Jobs are limited in this given field, and one is going sooner than he thinks.
 
#13
Well, the more flexible girl will allow you to be more creative, but the more experienced one will definately provide a more rewarding experience for you. The same I would imagine applies to men but I have no experience with them.
 
#14
The experienced guy is snowed under doing the flexible guy's work ?

Electrical contracting. Three electricians churn out more work than two electricians with two semi skilled mates.

What would John Harvey Jones do ? Go down the chain and first ask the guys actually performing the miracles.
 
#15
Keep both, and sack the "cheeky tommy tanker" of a manager who keeps setting them both up to fail by giving them impossible jobs.

I'll bet that saves more of the salary budget than sacking either of them, so they can both have a pay rise.

All the best,

John.
 
#16
Keep both, and sack the "cheeky tommy tanker" of a manager who keeps setting them both up to fail by giving them impossible jobs.

I'll bet that saves more of the salary budget than sacking either of them, so they can both have a pay rise.

All the best,

John.
That is probably the best plan. The experienced guy could even be promoted so that he does the planning work that the manager should have been doing; that way, when the curve-ball comes in, if he didn't have a contingency for it, it would be his own fault, and he would only have himself to blame.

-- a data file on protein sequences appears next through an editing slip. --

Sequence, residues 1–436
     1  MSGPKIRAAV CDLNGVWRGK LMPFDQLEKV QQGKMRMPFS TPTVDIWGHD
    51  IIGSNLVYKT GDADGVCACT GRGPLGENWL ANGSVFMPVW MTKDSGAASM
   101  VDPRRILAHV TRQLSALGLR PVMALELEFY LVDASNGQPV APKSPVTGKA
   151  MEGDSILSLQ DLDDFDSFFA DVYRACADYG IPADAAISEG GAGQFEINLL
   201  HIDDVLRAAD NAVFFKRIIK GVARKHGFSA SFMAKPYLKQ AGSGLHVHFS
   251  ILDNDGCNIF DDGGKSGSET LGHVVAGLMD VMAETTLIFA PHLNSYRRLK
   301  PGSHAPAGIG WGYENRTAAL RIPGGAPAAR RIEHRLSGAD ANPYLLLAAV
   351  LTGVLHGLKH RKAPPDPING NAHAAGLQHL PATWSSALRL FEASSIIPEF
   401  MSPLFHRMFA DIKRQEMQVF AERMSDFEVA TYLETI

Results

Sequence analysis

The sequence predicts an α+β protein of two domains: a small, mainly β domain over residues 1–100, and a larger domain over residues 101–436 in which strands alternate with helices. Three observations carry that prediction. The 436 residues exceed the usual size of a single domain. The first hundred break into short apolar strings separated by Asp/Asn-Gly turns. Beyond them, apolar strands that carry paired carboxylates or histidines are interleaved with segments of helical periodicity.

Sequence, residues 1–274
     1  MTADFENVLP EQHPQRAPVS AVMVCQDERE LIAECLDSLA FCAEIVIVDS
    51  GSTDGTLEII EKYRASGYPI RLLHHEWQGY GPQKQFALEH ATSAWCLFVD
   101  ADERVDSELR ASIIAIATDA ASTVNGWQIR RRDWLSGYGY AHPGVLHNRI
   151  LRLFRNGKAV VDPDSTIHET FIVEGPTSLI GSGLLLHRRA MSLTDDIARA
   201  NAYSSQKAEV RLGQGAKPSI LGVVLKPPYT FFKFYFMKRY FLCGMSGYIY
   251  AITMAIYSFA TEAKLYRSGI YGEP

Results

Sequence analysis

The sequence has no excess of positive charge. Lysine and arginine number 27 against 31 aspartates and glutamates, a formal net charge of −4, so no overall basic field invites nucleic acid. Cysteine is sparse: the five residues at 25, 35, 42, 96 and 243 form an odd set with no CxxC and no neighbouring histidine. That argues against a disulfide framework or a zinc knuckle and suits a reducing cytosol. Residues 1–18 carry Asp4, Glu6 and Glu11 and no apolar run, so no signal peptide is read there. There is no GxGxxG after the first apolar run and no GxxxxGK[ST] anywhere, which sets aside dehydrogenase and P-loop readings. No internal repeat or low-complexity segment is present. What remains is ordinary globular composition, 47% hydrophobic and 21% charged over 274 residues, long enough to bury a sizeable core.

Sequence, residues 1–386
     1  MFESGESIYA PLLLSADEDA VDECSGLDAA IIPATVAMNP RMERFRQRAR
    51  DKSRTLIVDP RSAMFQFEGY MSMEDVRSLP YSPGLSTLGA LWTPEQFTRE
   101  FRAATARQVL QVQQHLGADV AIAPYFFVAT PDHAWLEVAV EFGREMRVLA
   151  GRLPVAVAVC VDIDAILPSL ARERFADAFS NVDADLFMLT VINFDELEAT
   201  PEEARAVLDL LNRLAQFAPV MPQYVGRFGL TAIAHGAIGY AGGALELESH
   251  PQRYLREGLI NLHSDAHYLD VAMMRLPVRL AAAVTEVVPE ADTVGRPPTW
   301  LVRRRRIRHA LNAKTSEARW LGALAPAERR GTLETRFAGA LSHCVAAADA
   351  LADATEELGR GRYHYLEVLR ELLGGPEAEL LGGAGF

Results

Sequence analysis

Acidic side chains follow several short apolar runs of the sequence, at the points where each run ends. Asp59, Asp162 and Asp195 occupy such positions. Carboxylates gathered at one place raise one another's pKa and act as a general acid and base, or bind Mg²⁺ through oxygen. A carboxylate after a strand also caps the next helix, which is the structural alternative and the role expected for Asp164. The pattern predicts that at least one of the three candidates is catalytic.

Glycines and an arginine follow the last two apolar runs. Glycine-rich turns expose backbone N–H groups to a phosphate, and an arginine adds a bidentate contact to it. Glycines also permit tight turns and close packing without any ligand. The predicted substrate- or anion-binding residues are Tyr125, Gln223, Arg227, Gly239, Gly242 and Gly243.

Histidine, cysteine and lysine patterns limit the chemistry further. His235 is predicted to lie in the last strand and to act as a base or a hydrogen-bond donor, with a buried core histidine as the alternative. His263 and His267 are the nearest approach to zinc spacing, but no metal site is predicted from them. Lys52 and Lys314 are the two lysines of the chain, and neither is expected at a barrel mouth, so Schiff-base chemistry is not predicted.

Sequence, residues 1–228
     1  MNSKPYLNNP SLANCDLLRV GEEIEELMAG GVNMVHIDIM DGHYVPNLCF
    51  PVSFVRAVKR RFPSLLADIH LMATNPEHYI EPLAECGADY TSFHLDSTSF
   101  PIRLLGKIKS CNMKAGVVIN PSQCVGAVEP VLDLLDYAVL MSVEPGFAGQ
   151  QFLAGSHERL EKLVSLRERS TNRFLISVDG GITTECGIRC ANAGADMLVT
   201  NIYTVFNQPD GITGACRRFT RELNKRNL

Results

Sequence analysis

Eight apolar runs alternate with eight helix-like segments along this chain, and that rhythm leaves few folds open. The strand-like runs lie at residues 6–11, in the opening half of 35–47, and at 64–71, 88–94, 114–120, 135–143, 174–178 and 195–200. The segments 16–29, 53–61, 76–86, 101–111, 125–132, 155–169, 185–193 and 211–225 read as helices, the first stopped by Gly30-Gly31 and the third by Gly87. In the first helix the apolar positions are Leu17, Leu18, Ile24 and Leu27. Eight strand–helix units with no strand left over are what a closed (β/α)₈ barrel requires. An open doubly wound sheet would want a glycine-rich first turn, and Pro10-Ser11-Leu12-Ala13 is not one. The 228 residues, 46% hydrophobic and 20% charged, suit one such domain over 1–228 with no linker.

Time to start job-hunting SKJOLD.
 
#17
<snip>

Boat: We need X, Y, and Z doing onboard but we'll only be alongside for 12 hours.

...

Experienced: fecking schitt arrse. Need more time.

<snip>

SK
It sounds like the experienced guy feels he's under pressure to do everything that's being asked of him rather than the best he can in the time given.

Sometimes, the customer isn't right. Sometimes the customer is an arrse. Has anyone pointed out to the experienced guy that it's ok not to work miracles every time?
 
#19
I'd say experience isn't really a factor here.

I see it that you got those with a can do attitude that muddle through. Result is; things aren't done by the book, as such sometimes works, sometimes it doesn't. Works extremely well in small teams; makes them ultra dynamic. Paper work will probably be non-existant. I'll be honest, this is how I like working, it gets things done.

What you are calling the experienced guy, I'd call a "Jobsworth"; although that is unfair to them. It is the corporate drone mentaility; and that's where it shines. Large organisations need to know / track what is going on. It means you get 100% consistancy. That can either be a high or low quality result.

It really comes down to the role. You want to produce one off's, then the dynamic approach is best. You want a production line, then then more static approach is best.

Wasn't that the whole point of the orders process review after the second world war? To reduce the lion's lead by donkey's. Rather than the order "hold that hill", you get told "hold that hill, because you boss wants to be able to cover that bridge which is a choke point". It allows and encourages initiative. As such when you rock up at the hill and realise you can't see that bridge, you get to decide what to do next.
 
#20
Both guys have been given a gypsies warning. Partnered together and told in no uncertain terms,
" Learn from each other, increase my profits or feck off ". They've been given 6 months. Luckily both respect each professionalism and get on quite well.

SK